Leaf samples were tested for the most common strawberry viruses in North America, including strawberry mild yellow edge virus (SMYEV), strawberry mottle virus (SMoV), strawberry vein banding virus, strawberry crinkle virus, strawberry pallidosis associated virus, strawberry necrotic shock virus, and beet pseudo-yellows virus, as described by Martin and Tzanetakis (2013). Analysis indicated that 42 samples (72 percent) were infected with both SMYEV and SMoV, 10 samples (17 percent) were infected with only SMYEV, and six samples (10 percent) tested negative for both viruses. None of the other viruses was detected in any of the samples.

‘Camarosa’, ‘Chandler’, and ‘Sweet Charlie’ were the main cultivars tested. Samples that were infected with both SMYEV and SMoV had a strong correlation with a single nursery source of the strawberry tips or plug plants in Nova Scotia, Canada. This event was the first reported incidence of mixed viruses impacting strawberries in the southeastern U.S.

Vectors of SMYEV and SMoV Viruses

Both SMYEV and SMoV are listed among the most common viruses in cultivated strawberry worldwide (Mellor et al. 1987; Martin et al. 1998; Martin and Spiegel, 1998). SMYEV is vectored by aphids in the genus Chaetosiphon, C. fragaefolii, C. thomasi, and C. jacobi in a persistent- circulative manner. In the case of a persistently transmitted virus, the aphid takes several hours or even days to acquire the virus when feeding on an infected strawberry plant and then takes several hours or days to transmit the virus. Circulative viruses spread throughout the body of the insect and, once acquired, will remain in the aphid body for extended periods of time — up to the life of the aphid — even though they do not replicate in the aphid. There is no known resistance to SMYEV in the genus Fragaria. Most cultivars grown today are tolerant to infection by this virus when it is present as a single infection.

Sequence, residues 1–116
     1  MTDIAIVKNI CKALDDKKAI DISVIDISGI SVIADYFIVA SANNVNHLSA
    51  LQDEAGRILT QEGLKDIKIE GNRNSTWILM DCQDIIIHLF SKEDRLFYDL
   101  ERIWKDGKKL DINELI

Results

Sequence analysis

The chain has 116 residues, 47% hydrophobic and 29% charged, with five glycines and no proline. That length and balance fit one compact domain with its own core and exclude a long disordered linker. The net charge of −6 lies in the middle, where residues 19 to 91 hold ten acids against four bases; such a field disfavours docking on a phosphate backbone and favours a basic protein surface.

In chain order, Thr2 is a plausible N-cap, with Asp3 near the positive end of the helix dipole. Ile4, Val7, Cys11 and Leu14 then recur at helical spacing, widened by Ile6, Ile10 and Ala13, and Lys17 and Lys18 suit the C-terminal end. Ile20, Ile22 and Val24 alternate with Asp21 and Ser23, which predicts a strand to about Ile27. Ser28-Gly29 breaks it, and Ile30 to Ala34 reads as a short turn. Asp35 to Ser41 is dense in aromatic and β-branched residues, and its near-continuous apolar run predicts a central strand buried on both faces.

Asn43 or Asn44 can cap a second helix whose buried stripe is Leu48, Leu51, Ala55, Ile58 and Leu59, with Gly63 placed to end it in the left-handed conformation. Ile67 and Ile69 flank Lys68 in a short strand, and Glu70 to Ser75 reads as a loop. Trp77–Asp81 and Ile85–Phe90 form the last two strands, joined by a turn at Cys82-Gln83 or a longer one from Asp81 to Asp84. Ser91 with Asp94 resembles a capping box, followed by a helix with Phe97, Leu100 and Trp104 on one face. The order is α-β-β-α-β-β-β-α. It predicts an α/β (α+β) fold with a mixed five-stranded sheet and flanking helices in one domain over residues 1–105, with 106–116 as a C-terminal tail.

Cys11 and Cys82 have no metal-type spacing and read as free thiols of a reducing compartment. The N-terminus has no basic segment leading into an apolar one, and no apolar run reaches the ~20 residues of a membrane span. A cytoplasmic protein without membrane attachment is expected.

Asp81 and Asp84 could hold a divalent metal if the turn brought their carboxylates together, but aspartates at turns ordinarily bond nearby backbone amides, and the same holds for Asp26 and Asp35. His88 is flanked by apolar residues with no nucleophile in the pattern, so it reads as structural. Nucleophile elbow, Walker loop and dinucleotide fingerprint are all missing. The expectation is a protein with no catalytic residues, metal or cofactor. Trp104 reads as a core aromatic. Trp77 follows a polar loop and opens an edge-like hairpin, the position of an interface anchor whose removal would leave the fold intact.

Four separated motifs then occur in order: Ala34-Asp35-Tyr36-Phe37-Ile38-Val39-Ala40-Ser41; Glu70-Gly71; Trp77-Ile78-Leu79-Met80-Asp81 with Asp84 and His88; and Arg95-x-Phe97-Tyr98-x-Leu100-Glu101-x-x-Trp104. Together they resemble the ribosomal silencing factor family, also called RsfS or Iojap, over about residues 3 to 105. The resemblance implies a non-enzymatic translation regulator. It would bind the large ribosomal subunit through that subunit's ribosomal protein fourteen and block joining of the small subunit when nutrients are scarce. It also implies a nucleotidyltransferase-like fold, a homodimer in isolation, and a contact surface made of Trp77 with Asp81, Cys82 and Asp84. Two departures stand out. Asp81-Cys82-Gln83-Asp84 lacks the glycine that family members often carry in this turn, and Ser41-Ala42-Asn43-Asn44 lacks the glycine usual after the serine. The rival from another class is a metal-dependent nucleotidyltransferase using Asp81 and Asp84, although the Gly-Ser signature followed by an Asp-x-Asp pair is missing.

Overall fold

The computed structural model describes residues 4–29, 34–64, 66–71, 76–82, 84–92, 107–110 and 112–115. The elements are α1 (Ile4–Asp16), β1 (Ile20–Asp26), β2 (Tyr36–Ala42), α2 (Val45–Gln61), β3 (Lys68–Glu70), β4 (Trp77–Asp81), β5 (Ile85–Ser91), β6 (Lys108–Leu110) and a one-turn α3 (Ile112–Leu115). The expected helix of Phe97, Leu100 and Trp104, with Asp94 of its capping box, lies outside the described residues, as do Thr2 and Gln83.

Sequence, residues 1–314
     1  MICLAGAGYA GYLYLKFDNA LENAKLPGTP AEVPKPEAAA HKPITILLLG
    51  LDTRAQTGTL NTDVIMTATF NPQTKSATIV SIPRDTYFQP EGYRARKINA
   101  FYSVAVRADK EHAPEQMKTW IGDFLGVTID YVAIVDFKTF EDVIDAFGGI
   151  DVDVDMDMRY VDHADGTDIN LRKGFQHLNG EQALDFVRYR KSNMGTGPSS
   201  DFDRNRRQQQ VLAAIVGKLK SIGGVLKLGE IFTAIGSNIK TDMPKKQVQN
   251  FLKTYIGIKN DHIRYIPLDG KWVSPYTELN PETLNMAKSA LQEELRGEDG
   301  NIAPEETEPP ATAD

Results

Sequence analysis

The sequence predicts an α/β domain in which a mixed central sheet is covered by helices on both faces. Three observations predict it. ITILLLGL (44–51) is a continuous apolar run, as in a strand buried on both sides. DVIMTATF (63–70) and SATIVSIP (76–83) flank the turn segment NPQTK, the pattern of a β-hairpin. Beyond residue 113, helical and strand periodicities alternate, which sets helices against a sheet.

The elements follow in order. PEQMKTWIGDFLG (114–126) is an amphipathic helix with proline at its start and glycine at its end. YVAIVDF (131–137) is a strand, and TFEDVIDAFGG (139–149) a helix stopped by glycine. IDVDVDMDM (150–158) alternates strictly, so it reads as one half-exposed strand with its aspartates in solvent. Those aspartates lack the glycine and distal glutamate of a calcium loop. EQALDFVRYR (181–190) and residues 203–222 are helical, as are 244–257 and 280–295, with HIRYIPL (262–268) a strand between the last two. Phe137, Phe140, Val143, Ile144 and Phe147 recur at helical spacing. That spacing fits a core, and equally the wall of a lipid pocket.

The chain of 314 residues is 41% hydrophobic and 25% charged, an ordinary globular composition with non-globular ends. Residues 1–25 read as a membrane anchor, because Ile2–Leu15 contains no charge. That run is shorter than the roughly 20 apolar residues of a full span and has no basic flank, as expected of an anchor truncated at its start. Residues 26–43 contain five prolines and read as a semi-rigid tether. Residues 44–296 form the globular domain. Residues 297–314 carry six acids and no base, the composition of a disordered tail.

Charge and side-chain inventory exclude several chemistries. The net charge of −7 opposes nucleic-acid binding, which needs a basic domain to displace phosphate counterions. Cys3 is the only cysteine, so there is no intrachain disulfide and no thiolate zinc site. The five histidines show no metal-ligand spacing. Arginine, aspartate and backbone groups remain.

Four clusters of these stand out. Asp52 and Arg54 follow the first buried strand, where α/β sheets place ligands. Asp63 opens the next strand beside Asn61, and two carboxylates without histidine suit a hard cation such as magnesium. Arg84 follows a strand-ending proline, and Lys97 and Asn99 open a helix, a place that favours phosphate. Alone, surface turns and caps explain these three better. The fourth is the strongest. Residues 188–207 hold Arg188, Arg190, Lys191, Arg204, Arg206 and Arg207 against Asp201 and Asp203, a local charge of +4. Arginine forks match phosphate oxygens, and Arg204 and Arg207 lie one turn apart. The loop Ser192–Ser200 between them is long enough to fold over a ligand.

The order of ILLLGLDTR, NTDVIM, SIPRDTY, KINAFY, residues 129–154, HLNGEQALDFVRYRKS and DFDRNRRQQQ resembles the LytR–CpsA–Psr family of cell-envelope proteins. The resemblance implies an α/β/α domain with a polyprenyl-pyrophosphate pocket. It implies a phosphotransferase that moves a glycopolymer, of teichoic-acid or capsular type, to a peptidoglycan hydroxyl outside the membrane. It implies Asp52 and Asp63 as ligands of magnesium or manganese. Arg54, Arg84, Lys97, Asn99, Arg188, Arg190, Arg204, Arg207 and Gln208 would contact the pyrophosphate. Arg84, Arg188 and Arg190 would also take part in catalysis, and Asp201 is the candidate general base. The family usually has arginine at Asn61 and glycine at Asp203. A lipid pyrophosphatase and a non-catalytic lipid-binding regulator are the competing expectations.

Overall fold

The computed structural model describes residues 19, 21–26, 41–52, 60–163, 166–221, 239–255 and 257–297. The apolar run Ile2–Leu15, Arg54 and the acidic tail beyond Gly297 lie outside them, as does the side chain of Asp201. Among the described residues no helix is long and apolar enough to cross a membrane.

Resistance to SMoV is also not currently available in strawberry cultivars. SMoV is vectored in a semipersistent manner by Chaetosiphon spp. and Aphis gossypii, but mixed infections with SMoV and SMYEV are vectored by Chaetosiphon spp. In the case of a semipersistent virus, the aphid only needs to feed on the infected strawberry plant for several minutes or hours to acquire the virus, but once the virus is acquired, it may be transmitted in a matter of hours or days.

The Impact on Strawberry Production

Infection with SMYEV or SMoV is known to cause losses up to 30 percent depending on the virus strains, cultivar, and environmental conditions. However, in the case of a mixed infection with both viruses, many of the fields had a 100 percent plant loss. Virus- infected strawberry plants that survived overwintering bloomed and produced fruit (fig. 3), but growers suffered yield losses in the range of 15 to 50 percent, depending on the severity of infection.

Grower associations and state extension agencies estimated economic losses to the states of Florida, North Carolina, South Carolina, and Virginia at about $17 million, $2 million, $1.6 million, and $1.5 million, respectively. The virus outbreak in 2012 resulted in estimated losses of $3.75 million of the $9 million (Canadian dollars) value for the Nova Scotia strawberry nursery sector (Lewis 2015).

Growers whose fields had varying levels of virus infection were advised to spray insecticide to minimize virus spread by aphids from infected plants to healthy plants and to continue to fertilize and irrigate plants to reduce plant stress. Post-harvest, growers were advised to destroy the crop and not carry it forward for a second growing season to eliminate sources of virus for the aphid vectors and instead begin the new strawberry season with virus tested material.